The cooperage business has basically gone through the roof.  What this means is monumental pressure on the White Oak resource, driving up prices for logs.  At the same time that the world has developed a voracious appetite for whiskey and bourbon, it has also developed a strong desire for White Oak flooring.  What all of this means for the consumer is that the price of White Oak flooring, especially Quartersawn, is going to increase significantly over the next couple of years.  Here is an example of the bourbon industry sounding the alarm.  This is an excerpt from a press release from Buffalo Trace last month:

May 8, 2014
The bourbon boom shows no signs of letting up.  At Buffalo Trace, the 228 year – old Distillery continues to take steps to mitigate the problem, but shortages still remain.  About a year ago, Buffalo Trace Distillery warned consumers a shortage was looming, but many markets across the nation are just now feeling the full effects.
“We’re making more bourbon every day. In fact, we’re distilling more
than we have in the last 40 years,” said Harlen Wheatley, master distiller. “Still, it’s hard to keep up. Although we have more bourbon than last year when we first announced the rolling blackouts, we’re still short and there is no way to predict when supply will catch up with demand.”

At the moment there seems to be no easy resolution to the conflict between the barrel stave mills and lumber mills like Frank Miller.  The cost of the quartersawn White Oak barrel as a factor in the selling price of a bottle of Bourbon is insignificant.  This allows the stave producers to consistently outbid Quartersawn mills for logs.  No one is predicting how high logs costs will go in the coming weeks, months and years, but expect to see price increases for lumber and flooring on a regular basis.  Maintaining timber sustainability remains a primary goal for the hardwood industry.  This foretells of a continuing battle for a resource whose volume is constrained.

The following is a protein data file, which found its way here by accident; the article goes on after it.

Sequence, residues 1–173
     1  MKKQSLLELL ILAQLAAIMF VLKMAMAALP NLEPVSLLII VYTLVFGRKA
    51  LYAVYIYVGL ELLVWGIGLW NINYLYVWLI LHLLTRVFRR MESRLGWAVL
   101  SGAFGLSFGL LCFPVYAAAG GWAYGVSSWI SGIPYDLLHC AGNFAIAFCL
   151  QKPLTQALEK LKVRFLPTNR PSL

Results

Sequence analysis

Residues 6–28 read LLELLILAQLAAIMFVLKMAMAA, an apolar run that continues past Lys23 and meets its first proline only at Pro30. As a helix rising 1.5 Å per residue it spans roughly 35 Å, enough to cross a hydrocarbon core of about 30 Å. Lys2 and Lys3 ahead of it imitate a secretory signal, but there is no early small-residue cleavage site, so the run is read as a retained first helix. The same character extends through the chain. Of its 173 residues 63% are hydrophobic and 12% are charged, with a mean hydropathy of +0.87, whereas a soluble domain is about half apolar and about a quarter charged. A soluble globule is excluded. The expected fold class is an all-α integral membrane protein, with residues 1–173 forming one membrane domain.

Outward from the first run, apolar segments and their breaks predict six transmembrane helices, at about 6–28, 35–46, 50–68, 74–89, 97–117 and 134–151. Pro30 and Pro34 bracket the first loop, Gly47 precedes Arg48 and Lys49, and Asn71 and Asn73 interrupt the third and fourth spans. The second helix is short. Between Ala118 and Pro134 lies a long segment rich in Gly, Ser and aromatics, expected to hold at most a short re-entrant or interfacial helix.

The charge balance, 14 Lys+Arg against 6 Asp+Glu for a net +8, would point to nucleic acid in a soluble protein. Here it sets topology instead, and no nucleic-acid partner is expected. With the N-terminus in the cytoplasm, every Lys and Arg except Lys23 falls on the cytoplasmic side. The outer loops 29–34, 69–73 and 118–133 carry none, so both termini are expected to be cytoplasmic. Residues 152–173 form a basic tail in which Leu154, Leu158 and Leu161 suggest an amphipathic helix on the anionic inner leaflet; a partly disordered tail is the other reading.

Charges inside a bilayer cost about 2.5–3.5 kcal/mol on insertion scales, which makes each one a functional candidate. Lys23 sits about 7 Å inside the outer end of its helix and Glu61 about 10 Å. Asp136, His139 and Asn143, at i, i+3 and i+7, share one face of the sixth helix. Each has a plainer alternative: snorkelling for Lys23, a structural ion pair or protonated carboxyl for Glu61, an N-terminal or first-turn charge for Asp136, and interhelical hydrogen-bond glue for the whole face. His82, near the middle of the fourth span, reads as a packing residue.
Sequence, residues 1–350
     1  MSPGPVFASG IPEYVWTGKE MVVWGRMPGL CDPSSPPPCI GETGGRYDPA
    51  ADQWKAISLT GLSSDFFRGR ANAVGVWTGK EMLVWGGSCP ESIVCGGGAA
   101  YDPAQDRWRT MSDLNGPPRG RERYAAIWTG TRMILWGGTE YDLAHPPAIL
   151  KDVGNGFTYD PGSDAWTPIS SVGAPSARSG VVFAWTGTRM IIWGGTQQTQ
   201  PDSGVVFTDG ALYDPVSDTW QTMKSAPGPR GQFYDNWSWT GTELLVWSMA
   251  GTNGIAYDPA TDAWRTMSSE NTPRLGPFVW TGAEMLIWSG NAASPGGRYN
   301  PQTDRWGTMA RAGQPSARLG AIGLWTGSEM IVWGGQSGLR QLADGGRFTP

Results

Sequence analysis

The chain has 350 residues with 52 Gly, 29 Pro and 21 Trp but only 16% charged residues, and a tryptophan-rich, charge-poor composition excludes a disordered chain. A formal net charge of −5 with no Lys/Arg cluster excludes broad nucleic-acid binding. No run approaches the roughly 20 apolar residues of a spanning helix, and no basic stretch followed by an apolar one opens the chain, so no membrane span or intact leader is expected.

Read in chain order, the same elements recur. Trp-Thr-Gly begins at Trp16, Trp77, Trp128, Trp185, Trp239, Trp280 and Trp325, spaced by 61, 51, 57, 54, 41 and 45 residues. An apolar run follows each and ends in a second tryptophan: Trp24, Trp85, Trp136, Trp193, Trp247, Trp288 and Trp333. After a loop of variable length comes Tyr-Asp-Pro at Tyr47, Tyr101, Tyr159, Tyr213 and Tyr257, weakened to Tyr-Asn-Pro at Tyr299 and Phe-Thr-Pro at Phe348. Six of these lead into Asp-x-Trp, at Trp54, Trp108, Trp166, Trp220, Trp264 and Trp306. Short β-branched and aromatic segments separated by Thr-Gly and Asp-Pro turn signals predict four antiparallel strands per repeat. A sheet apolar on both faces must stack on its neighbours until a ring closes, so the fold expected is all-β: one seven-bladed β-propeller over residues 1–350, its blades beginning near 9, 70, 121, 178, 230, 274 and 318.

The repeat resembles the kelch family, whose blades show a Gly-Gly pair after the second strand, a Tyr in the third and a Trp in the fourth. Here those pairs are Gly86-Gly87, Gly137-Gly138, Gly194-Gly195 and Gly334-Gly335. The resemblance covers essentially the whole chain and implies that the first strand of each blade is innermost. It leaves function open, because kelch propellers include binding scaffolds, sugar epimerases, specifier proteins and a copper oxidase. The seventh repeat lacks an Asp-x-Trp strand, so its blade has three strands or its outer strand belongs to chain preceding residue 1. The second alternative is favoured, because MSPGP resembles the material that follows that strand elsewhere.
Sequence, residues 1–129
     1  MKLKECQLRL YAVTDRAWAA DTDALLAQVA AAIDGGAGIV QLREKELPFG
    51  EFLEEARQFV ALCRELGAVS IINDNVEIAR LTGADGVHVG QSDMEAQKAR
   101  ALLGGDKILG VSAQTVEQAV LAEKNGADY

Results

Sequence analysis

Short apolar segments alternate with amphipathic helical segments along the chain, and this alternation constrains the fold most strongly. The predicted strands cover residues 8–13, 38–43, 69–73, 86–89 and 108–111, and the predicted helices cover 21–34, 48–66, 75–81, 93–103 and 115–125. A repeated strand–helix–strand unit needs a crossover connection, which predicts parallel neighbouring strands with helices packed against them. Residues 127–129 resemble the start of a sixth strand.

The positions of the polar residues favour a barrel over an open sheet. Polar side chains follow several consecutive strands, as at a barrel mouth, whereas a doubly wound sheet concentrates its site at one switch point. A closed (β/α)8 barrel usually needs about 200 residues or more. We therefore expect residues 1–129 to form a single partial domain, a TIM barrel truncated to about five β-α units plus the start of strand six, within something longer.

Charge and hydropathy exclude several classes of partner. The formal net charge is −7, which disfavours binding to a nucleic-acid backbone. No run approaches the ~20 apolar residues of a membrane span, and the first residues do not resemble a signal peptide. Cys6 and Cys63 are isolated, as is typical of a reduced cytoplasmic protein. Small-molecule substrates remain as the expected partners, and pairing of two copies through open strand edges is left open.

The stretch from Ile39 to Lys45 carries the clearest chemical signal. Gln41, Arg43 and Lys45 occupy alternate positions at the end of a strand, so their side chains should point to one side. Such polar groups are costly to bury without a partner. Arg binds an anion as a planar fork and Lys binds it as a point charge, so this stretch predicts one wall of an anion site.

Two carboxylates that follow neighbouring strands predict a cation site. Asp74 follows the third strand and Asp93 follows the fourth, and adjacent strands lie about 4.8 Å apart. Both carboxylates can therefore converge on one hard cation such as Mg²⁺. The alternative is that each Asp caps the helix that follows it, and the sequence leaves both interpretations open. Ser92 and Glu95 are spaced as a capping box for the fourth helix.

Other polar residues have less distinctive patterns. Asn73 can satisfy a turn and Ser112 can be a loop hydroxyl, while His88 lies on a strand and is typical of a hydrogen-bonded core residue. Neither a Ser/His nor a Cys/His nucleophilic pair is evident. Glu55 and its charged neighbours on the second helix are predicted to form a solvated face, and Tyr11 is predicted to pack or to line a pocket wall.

If White Oak is your choice for flooring, expect to pay a premium for the reasons outlined here.  However, Red Oak pricing should stay relatively stable in the coming years.  In terms of appearance and performance in a floor, Quartersawn Red Oak will produce a gorgeous floor of similar strength and longevity.

Wood Supply Chain

I want to start this edition of “Criswell’s Corner” by telling you all that the hiatus I took this winter was actually due to a cancer diagnosis I received in October of 2013. I have been focused on my treatment and recovery and am happy to report that two weeks ago I had a PET scan that was free of cancer.

It was a difficult period, but I am proud to say that Frank Miller Lumber stood by me and my family throughout the entire ordeal.  In the world of commerce, the character of a company is very important.  If I am going to align myself with a company who will play a crucial role in the outcome of a project, I want to align myself with a company of integrity and true character.  I have proudly represented Frank Miller Lumber for nearly 18 years, the first 14 as a salesman and the past 4 as an architectural marketing consultant.

Through good financial times and bad (we all remember 2008, right?) Frank Miller Lumber has consistently produced some of the world’s highest quality quartersawn hardwoods.  The company has never waivered and my cancer treatment showed the kind of commitment that the company makes to its employees as well as its customers.  If one is judged by the company they keep, I am proud to be judged by my association with Frank Miller Lumber.

As a designer or architect it is more important now than ever that if high quality hardwoods are an aesthetic feature of your project you should forge a strong alliance with a premium mill like Frank Miller Lumber.  Leaving the successful outcome of your project to the vagaries of the lumber market can often result in heartache and disappointment.